FIG. 6 indicates a graph incorporating the information of the chart and in addition providing information on the values needed for tuning at 20 meters or approximately 14-1435 mHz. In the graph there is plotted as the Absicca the overall antenna length and as the ordinate the number of active turns in each half-length. The maximum length for each frequency is determined by the yield point line of the coil. Beyond that point permanent deformation of the turns in the coil would ocour. The lower limit is also determined to a great extent by physical limitations. As the length of the coil is de creased, the number of active turns increases, however, when the coil becomes too short there is insufficient space to pack in the active turns. However, within the physical limits, there is a great variation of length available for a given frequency and the number of active turns within that length can also be greatly varied.

In utilizing the chart or the graph, the overall space available for the antenna is first measured and the number of turns in each half length is then determined in accordance with the chart or graph. The number of turns is counted starting from the center insulator card and the unused number of turns are bunched together at the end of the antenna. The unused coils can be tied together using a portion of the nylon cord.

The setting given in the tuning chart or curves is a good first approximation for average installations. However, because of variations in the height above ground and the coupling to nearby objects, the actual resonant condition of the antenna mayv differ from that given in the chart. Therefore, after utilizing the chart or graph for a coarse tuning adjustment, the antenna is plugged into a voltage standing wave ratio bridge or meter and fine tuning is achieved by centering the voltage standing wave ratio curve as heretofore described.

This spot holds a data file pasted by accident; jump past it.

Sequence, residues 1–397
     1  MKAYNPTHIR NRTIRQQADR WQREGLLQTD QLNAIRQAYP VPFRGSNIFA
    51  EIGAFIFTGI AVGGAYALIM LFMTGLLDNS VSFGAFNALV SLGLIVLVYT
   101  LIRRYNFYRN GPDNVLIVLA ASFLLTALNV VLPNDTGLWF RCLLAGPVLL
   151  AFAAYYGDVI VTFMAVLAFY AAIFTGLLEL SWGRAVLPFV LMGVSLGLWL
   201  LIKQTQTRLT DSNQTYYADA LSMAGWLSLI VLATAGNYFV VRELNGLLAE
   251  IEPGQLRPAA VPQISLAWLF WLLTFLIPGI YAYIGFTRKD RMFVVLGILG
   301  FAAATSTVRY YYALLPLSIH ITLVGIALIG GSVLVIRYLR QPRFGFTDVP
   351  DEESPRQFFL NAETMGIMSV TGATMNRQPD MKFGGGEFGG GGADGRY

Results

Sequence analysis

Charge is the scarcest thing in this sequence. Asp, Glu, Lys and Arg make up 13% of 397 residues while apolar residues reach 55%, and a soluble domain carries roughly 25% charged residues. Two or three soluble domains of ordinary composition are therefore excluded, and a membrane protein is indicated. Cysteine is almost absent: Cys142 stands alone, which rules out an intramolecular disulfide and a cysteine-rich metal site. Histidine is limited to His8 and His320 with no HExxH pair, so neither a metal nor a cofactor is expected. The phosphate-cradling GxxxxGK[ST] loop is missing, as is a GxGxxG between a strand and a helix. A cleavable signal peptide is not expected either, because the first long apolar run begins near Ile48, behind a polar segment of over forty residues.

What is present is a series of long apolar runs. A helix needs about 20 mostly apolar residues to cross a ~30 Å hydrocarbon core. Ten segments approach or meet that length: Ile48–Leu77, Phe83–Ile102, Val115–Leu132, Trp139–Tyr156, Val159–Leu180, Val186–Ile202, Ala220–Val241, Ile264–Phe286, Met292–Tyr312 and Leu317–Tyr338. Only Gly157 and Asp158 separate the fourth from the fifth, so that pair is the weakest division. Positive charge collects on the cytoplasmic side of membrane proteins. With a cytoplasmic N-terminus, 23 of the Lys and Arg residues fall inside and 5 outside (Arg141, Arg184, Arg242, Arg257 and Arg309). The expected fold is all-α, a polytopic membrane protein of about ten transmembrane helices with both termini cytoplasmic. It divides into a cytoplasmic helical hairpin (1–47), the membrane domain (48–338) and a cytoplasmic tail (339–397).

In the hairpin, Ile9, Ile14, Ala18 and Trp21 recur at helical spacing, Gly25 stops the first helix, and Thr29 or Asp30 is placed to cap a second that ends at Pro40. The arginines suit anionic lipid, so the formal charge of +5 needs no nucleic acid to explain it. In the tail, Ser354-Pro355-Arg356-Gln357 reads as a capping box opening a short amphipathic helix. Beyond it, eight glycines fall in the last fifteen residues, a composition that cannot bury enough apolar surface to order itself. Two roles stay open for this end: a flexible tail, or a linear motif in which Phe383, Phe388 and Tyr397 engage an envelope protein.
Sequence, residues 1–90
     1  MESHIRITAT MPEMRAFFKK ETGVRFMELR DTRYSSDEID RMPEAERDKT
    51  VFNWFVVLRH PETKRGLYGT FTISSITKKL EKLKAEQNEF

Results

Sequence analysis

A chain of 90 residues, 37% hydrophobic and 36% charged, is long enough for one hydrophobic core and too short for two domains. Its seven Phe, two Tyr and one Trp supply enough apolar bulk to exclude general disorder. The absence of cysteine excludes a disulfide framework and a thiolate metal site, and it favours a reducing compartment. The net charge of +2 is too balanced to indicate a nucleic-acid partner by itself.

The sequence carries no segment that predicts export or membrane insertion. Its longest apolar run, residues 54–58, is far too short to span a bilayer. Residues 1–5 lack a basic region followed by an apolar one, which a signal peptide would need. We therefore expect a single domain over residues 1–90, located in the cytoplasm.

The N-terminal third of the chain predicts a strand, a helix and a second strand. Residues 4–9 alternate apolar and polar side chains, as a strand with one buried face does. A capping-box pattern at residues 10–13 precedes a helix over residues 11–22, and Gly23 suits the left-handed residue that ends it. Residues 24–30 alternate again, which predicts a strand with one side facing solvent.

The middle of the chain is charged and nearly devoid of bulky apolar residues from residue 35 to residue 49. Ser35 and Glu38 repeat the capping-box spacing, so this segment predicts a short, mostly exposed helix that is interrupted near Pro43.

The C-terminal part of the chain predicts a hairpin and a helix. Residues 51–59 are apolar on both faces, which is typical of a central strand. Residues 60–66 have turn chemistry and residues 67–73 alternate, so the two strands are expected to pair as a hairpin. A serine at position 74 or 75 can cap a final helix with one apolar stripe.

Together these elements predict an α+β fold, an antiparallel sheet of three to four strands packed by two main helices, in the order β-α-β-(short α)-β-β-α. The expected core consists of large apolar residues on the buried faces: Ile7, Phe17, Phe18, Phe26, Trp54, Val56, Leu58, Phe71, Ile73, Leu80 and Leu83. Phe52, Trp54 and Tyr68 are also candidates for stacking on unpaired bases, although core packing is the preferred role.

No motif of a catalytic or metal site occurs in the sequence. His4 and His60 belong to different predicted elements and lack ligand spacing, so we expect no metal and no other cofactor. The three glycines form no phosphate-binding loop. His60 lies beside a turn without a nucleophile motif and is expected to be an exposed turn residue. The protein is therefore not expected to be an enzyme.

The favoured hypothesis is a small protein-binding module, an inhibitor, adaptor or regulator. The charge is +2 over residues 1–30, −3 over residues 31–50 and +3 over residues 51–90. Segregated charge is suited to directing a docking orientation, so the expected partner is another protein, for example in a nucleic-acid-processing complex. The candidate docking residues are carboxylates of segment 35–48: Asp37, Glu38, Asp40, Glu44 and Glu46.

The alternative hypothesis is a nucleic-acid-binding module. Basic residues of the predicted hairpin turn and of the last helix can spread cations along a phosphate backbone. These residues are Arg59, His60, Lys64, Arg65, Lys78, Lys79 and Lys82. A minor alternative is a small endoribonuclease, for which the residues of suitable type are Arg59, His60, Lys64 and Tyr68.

The ends of the dipole antenna may display a high electric field. It may therefore be advisable to include some form of a metal top hat connected to the last turn of the coil. Extremely high levels of RF voltage may cause the tip of the antenna to burn. The top hat tends to lower the Q of the antenna thus reducing the voltage level at the far end. An aluminum pie tin mounted on a ceramic cone insulator may work for some applications.

Because of the helical loading provided by the spring and coil structure, a good impedance match is obtained to the typical 50 OHM systems. The power capacity of the antenna described is at least 1,000 watts CW or 2,000 watts PEP on SSB. Utilizing the antenna of the type described, it has been found that the voltage standing wave ratio bandwidth is as good, if not better, than that of normal dipole antennas which only operate at discreet lengths. For example,-referring to FIG. 5 wherein a graph of voltage standing wave ratio against frequency in megahertz is shown, it is seen that for an meter typical installation, wherein 60 feet of overall length was utilized, the voltage standing wave ratio is less than 2.5 to 1 over the full 80 meter band. For a 40 meter typical installation utilizing 34 feet of overall length, it is seen that the voltage standing wave ratio is less than 2.0 to I over the full 40 meter band. For a 20 meter typical installation utilizing 16 feet of overall length, the voltage standing wave ratio is less than 1.8 to 1.